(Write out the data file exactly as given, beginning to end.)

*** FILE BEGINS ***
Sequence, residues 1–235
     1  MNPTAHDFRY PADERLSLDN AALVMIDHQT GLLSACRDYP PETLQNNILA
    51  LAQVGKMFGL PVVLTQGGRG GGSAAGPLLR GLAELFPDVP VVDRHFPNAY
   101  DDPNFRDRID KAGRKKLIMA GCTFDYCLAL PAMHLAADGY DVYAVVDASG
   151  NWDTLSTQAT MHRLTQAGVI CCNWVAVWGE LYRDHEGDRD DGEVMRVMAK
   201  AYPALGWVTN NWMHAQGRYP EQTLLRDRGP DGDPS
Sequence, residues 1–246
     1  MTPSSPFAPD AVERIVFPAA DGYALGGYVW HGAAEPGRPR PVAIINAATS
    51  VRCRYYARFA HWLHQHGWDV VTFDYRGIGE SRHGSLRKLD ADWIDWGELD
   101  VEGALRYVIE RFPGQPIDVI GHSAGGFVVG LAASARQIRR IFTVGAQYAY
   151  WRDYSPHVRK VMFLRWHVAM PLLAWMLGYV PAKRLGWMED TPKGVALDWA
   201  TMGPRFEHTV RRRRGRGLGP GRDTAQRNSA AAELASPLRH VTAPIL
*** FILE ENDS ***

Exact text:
Sequence, residues 1–235
     1  MNPTAHDFRY PADERLSLDN AALVMIDHQT GLLSACRDYP PETLQNNILA
    51  LAQVGKMFGL PVVLTQGGRG GGSAAGPLLR GLAELFPDVP VVDRHFPNAY
   101  DDPNFRDRID KAGRKKLIMA GCTFDYCLAL PAMHLAADGY DVYAVVDASG
   151  NWDTLSTQAT MHRLTQAGVI CCNWVAVWGE LYRDHEGDRD DGEVMRVMAK
   201  AYPALGWVTN NWMHAQGRYP EQTLLRDRGP DGDPS
Sequence, residues 1–246
     1  MTPSSPFAPD AVERIVFPAA DGYALGGYVW HGAAEPGRPR PVAIINAATS
    51  VRCRYYARFA HWLHQHGWDV VTFDYRGIGE SRHGSLRKLD ADWIDWGELD
   101  VEGALRYVIE RFPGQPIDVI GHSAGGFVVG LAASARQIRR IFTVGAQYAY
   151  WRDYSPHVRK VMFLRWHVAM PLLAWMLGYV PAKRLGWMED TPKGVALDWA
   201  TMGPRFEHTV RRRRGRGLGP GRDTAQRNSA AAELASPLRH VTAPIL